“The decision to move St Paul’s to False Creek now lies with three bodies: the BC Liberals, Providence Health Care and Vancouver Coastal Health,” he wrote. “All three bodies have ties to the Esperanza Society and to each other.”
Using Elections BC records, Hainsworth also found several financial contributors to the BC Liberal Party among Esperanza’s directors. “Along with their relatives, associated companies and operators, they have contributed at least $70,650 to BC Liberal Party coffers since they purchased the land,” he wrote.
I highly recommend reading Hainsworth’s full investigative report, especially the parts about the overlapping ties among the Esperanza’s Society’s directors and the three main decision-making bodies responsible for St Paul’s future. Not to mention the part about the BC Liberal government paying millions of dollars in land taxes on the False Creek site owned by a supposedly independent society.
At the very least it suggests to me a need for more transparency in this decision-making process.
It also raises questions about the years of apparently empty promises made to keep St Paul’s on Burrard Street.
We’ve been told since 2005 that Providence was formulating a “business case” to either upgrade St Paul’s at its current site or move it to the False Creek Flats. We were told in 2010 that the decision had finally been made to invest in the existing site.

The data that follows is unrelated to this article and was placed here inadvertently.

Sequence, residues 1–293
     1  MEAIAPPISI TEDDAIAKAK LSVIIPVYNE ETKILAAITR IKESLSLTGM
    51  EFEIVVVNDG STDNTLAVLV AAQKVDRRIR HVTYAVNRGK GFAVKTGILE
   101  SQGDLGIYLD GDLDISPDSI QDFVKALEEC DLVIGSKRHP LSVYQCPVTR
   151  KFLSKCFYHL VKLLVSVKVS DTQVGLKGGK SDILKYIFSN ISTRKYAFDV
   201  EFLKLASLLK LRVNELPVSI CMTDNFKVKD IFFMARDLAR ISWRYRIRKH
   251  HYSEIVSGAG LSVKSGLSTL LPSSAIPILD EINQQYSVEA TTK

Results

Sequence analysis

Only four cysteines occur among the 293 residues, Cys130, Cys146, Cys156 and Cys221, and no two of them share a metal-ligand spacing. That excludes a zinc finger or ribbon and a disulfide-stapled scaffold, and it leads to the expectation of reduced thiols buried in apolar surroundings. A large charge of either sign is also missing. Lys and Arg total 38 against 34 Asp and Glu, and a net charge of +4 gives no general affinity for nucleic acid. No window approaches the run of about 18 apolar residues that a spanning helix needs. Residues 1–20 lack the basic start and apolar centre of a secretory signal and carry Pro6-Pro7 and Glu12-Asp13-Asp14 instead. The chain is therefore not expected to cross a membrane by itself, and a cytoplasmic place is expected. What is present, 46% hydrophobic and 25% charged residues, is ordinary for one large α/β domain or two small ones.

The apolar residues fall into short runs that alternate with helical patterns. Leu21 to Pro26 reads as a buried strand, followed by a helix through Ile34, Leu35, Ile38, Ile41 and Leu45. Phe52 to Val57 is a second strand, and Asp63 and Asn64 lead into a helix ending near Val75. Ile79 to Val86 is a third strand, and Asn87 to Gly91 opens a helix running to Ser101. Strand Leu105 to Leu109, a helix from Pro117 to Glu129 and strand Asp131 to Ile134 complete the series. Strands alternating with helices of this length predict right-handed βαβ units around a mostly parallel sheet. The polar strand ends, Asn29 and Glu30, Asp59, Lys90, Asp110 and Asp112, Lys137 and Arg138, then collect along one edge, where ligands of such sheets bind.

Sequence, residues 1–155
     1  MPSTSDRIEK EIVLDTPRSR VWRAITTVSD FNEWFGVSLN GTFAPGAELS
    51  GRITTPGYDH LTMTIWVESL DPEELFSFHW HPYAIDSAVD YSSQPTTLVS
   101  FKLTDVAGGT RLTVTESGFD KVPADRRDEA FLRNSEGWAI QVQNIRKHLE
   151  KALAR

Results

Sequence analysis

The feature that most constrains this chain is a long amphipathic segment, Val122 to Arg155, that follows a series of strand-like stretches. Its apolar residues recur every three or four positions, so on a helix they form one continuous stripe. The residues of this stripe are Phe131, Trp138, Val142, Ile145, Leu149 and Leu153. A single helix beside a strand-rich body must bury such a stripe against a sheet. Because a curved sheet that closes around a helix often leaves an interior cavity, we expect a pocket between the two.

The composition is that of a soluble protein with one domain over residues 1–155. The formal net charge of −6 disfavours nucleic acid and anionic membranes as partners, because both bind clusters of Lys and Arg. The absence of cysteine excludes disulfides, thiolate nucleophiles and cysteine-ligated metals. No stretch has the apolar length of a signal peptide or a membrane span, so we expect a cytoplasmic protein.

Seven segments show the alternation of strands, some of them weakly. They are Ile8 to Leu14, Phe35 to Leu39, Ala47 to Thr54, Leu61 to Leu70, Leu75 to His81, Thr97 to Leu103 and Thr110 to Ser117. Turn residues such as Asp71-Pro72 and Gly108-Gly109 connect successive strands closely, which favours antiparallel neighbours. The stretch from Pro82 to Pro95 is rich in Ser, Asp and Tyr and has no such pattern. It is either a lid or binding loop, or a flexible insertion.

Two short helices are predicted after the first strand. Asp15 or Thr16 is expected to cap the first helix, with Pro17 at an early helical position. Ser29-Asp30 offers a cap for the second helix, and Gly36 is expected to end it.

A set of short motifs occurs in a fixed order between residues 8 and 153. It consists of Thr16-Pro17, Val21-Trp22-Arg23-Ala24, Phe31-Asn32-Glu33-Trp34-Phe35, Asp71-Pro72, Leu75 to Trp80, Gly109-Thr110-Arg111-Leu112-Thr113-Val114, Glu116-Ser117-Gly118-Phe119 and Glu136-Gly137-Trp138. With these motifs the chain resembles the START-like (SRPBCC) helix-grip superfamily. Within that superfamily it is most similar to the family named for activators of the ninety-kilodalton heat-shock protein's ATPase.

“Providence Health, which operates St Paul’s, amongst other institutions, approached me with a new plan that would involve investing in the existing facility,” then-Health Minister Kevin Falcon told reporters in June 2010, coincidentally just two days after Daily Xtra published Hainsworth’s investigation into who owns the False Creek site.
“We’re working on the basis of making significant new investment in the existing facility,” Falcon said, though he didn’t rule out “potential other health investments” on the False Creek Flats site.
“We had a period of uncertainty,” Providence president and CEO Dianne Doyle told a community meeting four months later. “Now, we have a certainty of direction.”
That direction, we were told, focused on revitalizing St Paul’s on Burrard Street. At the time Providence Health Care officials said the process could be complete by 2016 and would include the demolition of several buildings and the addition of a 10- or 11-storey tower at the corner of Comox and Thurlow streets.
We were told again in 2012, this time by Premier Christy Clark who posed for a photo op on the hospital’s rooftop garden, that the BC Liberals would invest $500 million in redeveloping the hospital’s West End site.
“This is one of the most complex healthcare projects this province has ever taken on,” Clark told reporters. “We are going to be building a new hospital on an existing site.”
“We are making today for the first time a final and absolute commitment that this hospital is going to happen,” she said.
“The money has been set aside and it is allocated. It’s in our fiscal plan. That’s better than ‘the cheque is in the mail.’”
What changed in the last three years behind which closed doors, and why?
And how will the gay community and everyone else who lives in the West End and relies on St Paul’s suffer as a result?
Robin Perelle is the managing editor of Daily Xtra in Vancouver.